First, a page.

IMPUNITY AND THE RULE OF LAWof Conduct were distributed to the 27,000 membersof the Internal Security Forces.In Tunisia, OHCHR, UNDP and ICR collaboratedto support the development of Standard OperatingProcedures (SOPs) with regard to the use of forceand firearms in public places, which were officiallypresented to the competent authorities in May.The Office provided information on human rightsstandards and norms and good practices relativeto the use of force and ethical and lawful policing.Once officially adopted, the SOPs will serve as animportant reference tool for the conduct and work ofTunisian law enforcement agents.Human rights educationHuman rights education plays a crucial role in ensuringthat relevant stakeholders, including civil society,are equipped with the human rights knowledge andawareness to contribute to the establishment andstrengthening of democracy and the rule of law.In Paraguay, the Ministry of Education requestedthat the HRA continue its cooperation in theimplementation of the National Plan on HumanRights Education which was adopted in 2012.OHCHR continued its efforts to consolidate theHuman Rights Masters Programme in the RussianThe new ambassadors for human rights in Somalia“There are no people moreimportant than lawyers to defendand advocate for human rights,”says Hassan, the Director of a LegalAid Clinic in Somaliland, reflectingon the impact lawyers can haveon the defense and promotion ofhuman rights for the protection ofthe people of Somalia.Hassan was one of 24 lawyers fromacross all regions of Somalia broughttogether for the first time in 20 yearsfor training on human rights in theadministration of justice. The trainingwas facilitated by the UNPOSHuman Rights Unit (HRU) incollaboration with UNDP in Hargeisalast May. With constitutionalsafeguards for human rightsreaffirmed under the ProvisionalConstitution, advocacy for humanrights by legal practitioners under aconstitutional framework is criticalto driving the emergence of a humanrights legal culture in Somalia.Following the collapse ofgovernment institutions during theconflict, customary practices wereheavily relied upon to mediatedisputes. A prevailing lack ofconfidence in the formal legalchannels is one of the challengesfaced by the justice institutions.The UNPOS Human RightsUnit’s support to justice sectordevelopment consists of enablingkey implementing actors such asjudges, prosecutors and lawyers toassume their roles more effectivelyin the promotion of human rights inthe administration of justice.A country-wide training projectfor legal professionals in Somalia,which started in November 2012,will continue in the future. It ishoped that this project will sparktransformational change encouraginglocal leadership for the promotionand implementation of internationalhuman rights standards in Somalia.“Human rights have to be at thecentre of the peace process”, upholdsUNPOS Deputy Representative, Peterde Clercq, recognizing that: “Humanrights abuses are at the root of theSomali conflict”.The UNPOS Human Rights Unittraining aims to encourage legalpractitioners to identify the manycommonalities that already existbetween international human rightslaw, Islamic law and the domesticlegal framework in Somalia. In orderto promote greater complianceand advocacy from those involvedin the administration of justice,international human rights standardsmust first be accepted as consistentwith the prevailing legal culture.To sustain these advancesthrough the next generation oflegal practitioners, UNPOS/HRUis further providing support tothe Somali academia. After ameeting in Djibouti in early 2012,representatives of four SomaliUniversities – namely, the Universityof Mogadishu, Puntland StateUniversity, East Africa Universityand the University of Hargeisa –committed to producing a draftcurriculum on human rights inthe administration of justice. InMay, the University delegationsharmonized these respectivedraft curricula into an integratedteaching tool for the training ofjudges, prosecutors and lawyersunder the aegis of the UNPOS/HRU in a follow-up workshop heldin Hargeisa, Somaliland. Hassannoted that the UNPOS/HRU trainingon human rights brought him torealize that “we can work togetherin the name of Somalia rather thanpolitical regions.” Indeed, both thehuman rights training and humanrights curriculum workshop broughttogether representatives of legalprofessions strongly divided alongregional lines. It gave them anopportunity to reflect on and discussa way forward for the developmentof the justice system in Somalia,in compliance with internationalhuman right standards and inrespect of legal traditions.36 OHCHR REPORT 2012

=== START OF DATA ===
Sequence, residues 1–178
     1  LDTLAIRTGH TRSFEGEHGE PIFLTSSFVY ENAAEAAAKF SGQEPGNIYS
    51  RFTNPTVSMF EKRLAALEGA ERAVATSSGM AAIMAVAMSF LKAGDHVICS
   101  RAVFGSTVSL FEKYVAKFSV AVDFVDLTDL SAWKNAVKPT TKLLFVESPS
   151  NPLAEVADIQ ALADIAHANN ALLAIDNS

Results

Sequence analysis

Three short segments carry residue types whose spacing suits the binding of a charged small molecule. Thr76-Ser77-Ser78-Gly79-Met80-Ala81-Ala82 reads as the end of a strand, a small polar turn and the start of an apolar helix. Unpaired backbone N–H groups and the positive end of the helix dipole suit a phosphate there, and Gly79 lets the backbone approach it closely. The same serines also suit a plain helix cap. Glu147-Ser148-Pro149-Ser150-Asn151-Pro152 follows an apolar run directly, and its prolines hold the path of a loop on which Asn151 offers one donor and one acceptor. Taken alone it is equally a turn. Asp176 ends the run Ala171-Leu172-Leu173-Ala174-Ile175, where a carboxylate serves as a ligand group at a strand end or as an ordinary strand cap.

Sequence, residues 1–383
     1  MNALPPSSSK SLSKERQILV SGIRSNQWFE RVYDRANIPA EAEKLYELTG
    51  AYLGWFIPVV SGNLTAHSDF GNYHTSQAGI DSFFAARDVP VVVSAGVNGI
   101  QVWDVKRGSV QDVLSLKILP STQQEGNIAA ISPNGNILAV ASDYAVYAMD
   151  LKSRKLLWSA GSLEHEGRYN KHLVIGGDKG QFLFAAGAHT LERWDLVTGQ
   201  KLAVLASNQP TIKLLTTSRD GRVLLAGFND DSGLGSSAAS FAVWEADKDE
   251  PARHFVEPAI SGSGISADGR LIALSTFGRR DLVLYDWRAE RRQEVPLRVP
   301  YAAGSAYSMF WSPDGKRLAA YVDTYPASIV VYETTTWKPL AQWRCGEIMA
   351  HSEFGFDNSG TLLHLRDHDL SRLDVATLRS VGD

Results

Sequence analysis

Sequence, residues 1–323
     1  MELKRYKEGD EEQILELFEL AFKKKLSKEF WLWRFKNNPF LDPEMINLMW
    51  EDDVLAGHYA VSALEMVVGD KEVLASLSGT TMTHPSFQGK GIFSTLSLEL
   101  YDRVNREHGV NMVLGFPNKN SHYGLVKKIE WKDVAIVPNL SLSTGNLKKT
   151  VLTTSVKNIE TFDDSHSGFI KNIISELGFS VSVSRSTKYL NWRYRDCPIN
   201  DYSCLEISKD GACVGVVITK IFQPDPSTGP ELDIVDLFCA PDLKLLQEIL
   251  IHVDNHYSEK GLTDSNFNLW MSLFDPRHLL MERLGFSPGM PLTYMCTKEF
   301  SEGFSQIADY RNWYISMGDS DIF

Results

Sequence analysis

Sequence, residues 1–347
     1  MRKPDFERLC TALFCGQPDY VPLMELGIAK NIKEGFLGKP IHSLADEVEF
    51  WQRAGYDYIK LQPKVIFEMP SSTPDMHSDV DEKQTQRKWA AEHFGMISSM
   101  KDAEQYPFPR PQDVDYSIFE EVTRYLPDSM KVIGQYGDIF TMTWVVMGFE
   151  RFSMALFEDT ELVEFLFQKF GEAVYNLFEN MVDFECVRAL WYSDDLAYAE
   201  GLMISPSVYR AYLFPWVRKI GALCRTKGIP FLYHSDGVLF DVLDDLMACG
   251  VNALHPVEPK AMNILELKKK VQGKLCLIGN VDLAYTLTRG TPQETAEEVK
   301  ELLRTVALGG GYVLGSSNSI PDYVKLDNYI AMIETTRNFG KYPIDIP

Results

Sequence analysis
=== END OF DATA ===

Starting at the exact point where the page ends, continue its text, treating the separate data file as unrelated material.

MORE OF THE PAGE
IMPUNITY AND THE RULE OF LAWFederation, building on the achievements reachedduring the first pilot year. OHCHR supportedthe inter-university partnership that enabled theConsortium of Russian Universities to jointly developand implement the programme cycle for 2011-2012. Following the Consortium’s development ofa comprehensive multidisciplinary curriculum, thecourse on International Human Rights Protection isaccredited as a specialized discipline within MastersDegree studies.Fair trial indicatorsOHCHR continued to promote the use of humanrights indicators, in particular on the right to afair trial, among governmental institutions, humanrights institutions, civil society organizations andacademics. In April, the Superior Tribunal of Justiceof Mexico City, together with OHCHR, published thefirst volume of a series of publications on fair trialindicators. As of the end of 2012, nine tribunals hadinitiated the elaboration of fair trial indicators, whichhave also been approved at the federal level by theSupreme Court of Justice of Mexico and the FederalJudicial Council. In Paraguay, fair trial indicators tomonitor and promote access to justice were adoptedby the Supreme Court of Justice.Prisons and other detention facilitiesAs a result of monitoring of detention facilitiesas well as advocacy and support by OHCHRand other partners, the treatment of prisonersin detention facilities and by law enforcementofficials has improved in many countries. Forexample, in Afghanistan, national authorities andthe International Security Assistance Force (ISAF)undertook a variety of measures to address issuespresented in the United Nations Assistance Missionin Afghanistan (UNAMA)/OHCHR report Treatmentof Conflict-Related Detainees in Afghan Custody(October 2011) concerning the human rights andhumane treatment of detainees in detention facilities.Cambodian prison authorities have increased theircapacity to protect the rights of prisoners. Threeministries issued an inter-ministerial directivebanning prison production for export, followingbriefings, consultations and advocacy effortsundertaken by OHCHR.In Honduras, the Human Rights Adviser conducteda comprehensive assessment of the prison systemand made recommendations for its improvement.In Libya, an inter-ministerial committee involvingthe Ministries of Interior, Defence and Justicewas established to resolve issues and carry outinspections of facilities where cases of torture ormistreatment were occurring. In Myanmar, the© UN Photo/Logan AbassiThe Assistant Secretary-General for Human Rights tours theNational Penitentiary in downtown Port-au-Prince as part of hisofficial visit to Haiti, September 2012.Government announced a special mechanism toreview outstanding cases of political prisonersfollowing advocacy undertaken by OHCHR and theSpecial Rapporteur on the human rights situationin Myanmar. In Togo, the Government adopted adecision to reduce the number of pre-trial detaineesby 50 per cent by the end of 2012. To date,421 detainees have been released.Democracy and electionsOHCHR supported national authorities to strengthennational institutions and national capacity in order toensure free and fair elections and respect of humanrights, including women’s rights, during electionprocesses through advocacy, training and awarenessraisingin: Angola, Cameroon, the Democratic Republicof Congo (DRC), Mauritania, Senegal and Timor-Leste.In Angola, OHCHR contributed to the peacefulelections in 2012 and the reporting of alleged humanrights violations therein through advocacy with theAngolan authorities to ensure respect of humanrights. In Mauritania, following advocacy effortsundertaken by OHCHR, the Independent ElectoralCommission was established in accordance withdemocratic and human rights principles. In Senegal,OHCHR contributed to strengthening the capacitiesof Senegalese civil society organizations by creatingthe Women’s Platform for peaceful elections toensure women’s participation in the presidential andlegislative elections in 2012.In Timor-Leste, the Human Rights and TransitionalJustice Section of the United Nations IntegratedMission in Timor-Leste (UNMIT) provided technicalsupport to the National Human Rights Institute,OHCHR REPORT 2012 37